S ometimes it takes living overseas to really see what your homeland is like. What makes it different from other places — what defines it — can sometimes be viewed more clearly from the outside. Musician and new author Jonathan Hemmings has had this opportunity to get perspective, having lived in Taiwan three times since 2004.
Based in Greater Kaohsiung, Hemmings — a self-described workaholic — completed two novels while also drumming in popular hard-rock band Liger Attack and teaching during the day.
He leaves Taiwan this month, and so this Saturday will be Liger Attack’s last show. The concert takes place at an after-party following the book release of The Night Adders and Panthera, which will feature selected readings by the author and acoustic performances by Seamas Manly, Allison Campbell, Jason Angle and Liger Attack.
Novels of Home
The Night Adders is a semi-autobiographical, dark coming-of-age story revolving around themes “that have been inextricably interwoven into the tapestry of my life as a young South African who grew up in a time that was characterized by both the death of Apartheid and the birth of freedom and democracy,” Hemmings said.
“All of the events in the novel, while fictitious, are informed by my experiences and personal observations: violence, entrenched racism, extremes of poverty and wealth, wanton destruction, teenage rebellion, a crisis of identity, isolation. But these are also tempered by more positive threads: young love, friendship, courage, and sacrifice to do what is right.”
Hemmings immerses the reader into the sights, sounds, and tensions of modern-day South Africa. Through the eyes of his young Tristan, we experience the pressure of the times as they encompass a young boy coming of age in a violent and turbulent period in history.
Living in Taiwan, I met many South Africans, and tales of their homeland and its everyday dangers seem shocking to those of us from such peaceful (at least in the modern day) places as Taiwan or North America.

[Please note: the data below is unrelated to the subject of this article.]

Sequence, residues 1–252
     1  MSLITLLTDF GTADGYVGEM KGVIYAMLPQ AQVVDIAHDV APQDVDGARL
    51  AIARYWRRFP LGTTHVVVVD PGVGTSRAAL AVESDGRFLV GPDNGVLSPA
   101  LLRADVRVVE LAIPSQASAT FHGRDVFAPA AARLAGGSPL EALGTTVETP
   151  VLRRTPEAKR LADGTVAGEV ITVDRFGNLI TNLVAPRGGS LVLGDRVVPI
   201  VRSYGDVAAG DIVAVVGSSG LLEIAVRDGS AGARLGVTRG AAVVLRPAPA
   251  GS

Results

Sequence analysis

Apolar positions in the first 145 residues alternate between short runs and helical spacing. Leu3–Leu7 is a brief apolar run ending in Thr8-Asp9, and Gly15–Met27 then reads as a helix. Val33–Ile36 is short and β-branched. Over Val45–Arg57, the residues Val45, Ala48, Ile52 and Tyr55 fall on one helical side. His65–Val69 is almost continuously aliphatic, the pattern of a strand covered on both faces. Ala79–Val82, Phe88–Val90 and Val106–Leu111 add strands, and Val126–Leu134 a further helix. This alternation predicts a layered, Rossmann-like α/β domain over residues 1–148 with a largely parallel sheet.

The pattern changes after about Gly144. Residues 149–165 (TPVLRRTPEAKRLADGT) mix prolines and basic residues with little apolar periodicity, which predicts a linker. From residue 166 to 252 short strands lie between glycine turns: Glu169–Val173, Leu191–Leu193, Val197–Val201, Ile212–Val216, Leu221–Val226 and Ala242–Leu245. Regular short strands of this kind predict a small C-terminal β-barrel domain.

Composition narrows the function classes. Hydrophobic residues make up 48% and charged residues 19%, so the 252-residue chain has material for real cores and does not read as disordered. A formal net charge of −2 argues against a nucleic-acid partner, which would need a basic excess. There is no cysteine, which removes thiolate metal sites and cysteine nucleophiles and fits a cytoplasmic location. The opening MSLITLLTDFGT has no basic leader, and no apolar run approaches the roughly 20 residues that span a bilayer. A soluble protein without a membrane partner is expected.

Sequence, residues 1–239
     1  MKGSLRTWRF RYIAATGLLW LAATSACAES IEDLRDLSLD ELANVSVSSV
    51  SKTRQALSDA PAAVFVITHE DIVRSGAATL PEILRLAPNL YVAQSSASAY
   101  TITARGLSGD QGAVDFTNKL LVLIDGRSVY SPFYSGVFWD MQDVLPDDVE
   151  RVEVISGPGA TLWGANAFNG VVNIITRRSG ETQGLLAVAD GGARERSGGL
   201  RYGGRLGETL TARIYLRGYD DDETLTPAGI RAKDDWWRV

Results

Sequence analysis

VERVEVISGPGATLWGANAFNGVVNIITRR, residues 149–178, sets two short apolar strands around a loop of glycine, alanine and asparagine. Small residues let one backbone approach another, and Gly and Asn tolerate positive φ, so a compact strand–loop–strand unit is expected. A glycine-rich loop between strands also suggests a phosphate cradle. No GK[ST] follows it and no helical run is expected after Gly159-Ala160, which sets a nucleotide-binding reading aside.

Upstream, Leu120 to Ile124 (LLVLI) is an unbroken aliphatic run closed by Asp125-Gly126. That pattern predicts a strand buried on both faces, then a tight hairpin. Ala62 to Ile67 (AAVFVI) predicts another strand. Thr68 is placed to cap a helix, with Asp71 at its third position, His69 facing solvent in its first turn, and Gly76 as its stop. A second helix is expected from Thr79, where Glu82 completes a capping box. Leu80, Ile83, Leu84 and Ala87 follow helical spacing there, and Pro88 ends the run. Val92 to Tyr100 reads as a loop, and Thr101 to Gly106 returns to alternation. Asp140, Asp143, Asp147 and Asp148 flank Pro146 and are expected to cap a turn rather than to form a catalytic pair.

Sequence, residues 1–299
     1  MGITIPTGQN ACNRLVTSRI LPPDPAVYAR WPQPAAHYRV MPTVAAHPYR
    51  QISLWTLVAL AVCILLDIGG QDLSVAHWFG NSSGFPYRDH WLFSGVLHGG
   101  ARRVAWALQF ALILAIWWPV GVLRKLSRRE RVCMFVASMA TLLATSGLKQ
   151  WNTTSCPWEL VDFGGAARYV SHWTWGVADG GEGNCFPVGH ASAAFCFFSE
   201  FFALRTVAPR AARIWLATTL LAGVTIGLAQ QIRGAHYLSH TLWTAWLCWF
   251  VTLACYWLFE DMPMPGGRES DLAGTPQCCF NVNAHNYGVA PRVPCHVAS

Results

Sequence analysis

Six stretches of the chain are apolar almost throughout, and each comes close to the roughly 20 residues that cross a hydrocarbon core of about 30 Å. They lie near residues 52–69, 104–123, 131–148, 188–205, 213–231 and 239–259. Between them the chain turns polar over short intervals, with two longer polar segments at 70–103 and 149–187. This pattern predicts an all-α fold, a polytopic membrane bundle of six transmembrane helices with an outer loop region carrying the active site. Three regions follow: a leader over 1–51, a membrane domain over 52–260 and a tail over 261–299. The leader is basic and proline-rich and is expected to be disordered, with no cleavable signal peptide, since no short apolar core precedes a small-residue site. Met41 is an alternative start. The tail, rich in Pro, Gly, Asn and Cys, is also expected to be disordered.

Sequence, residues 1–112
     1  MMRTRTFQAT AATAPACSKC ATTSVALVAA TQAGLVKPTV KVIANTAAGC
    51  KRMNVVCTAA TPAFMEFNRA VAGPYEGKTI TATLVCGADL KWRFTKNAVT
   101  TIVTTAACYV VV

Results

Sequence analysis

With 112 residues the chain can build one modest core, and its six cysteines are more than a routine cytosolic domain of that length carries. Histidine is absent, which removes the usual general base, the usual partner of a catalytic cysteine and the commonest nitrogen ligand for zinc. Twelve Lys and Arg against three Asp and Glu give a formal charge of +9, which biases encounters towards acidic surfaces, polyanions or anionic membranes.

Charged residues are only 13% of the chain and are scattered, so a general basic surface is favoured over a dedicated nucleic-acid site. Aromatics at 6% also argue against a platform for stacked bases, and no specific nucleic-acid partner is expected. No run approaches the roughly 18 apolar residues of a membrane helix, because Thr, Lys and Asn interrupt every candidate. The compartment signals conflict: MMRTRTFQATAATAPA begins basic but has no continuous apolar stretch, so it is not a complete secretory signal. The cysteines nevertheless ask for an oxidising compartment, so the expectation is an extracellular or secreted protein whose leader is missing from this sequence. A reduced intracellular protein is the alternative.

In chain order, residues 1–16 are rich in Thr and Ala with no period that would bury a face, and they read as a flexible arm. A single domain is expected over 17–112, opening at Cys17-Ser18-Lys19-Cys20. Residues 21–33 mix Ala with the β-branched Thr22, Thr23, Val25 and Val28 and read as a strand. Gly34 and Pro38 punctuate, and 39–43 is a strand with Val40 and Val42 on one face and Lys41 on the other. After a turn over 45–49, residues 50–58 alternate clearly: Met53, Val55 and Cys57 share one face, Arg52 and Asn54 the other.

Though based in the same area as The Night Adders — Hemming’s homeland of KwaZulu-Natal, “a wild land of majestic beauty” — the second novel is a vastly different tale. Set in the countryside, Panthera explores the turns an illiterate 80-year-old Zulu farmworker’s life takes after encountering a werewolf (or were-leopard).
“I’ve spent a fair bit of time in Zululand, and have visited the sites of several famous battlefields,” Hemmings said.
“There’s a feeling I get when I’m in the wild country, looking out over the acacia trees, the snaking rivers and jutting mountains, with that red earth beneath my feet — the earth of that land will always run thick in my blood,” he said.
Themes in the novel are echoed in Hemmings’ blog The Mastications of Trapjaw: “the illegal wildlife trade, the decimation of the wilds for profit, the massively environmentally destructive Chinese ‘new colonialism’ into Africa [and] money trumping environmentalism.”
Panthera forms the groundwork for a series of books Hemming is working on called Tooth, Claw and Steel, which is about “animal-shifting immortals, and a decidedly evil corporation hell-bent on exterminating these creatures from existence,” he said.
Bypassing the publisher
The decision to choose e-publishing is one that is becoming more acceptable in this age of e-readers and self-branding. Authors are following in the footsteps of many bands who have decided to retain both creative and financial control over their works.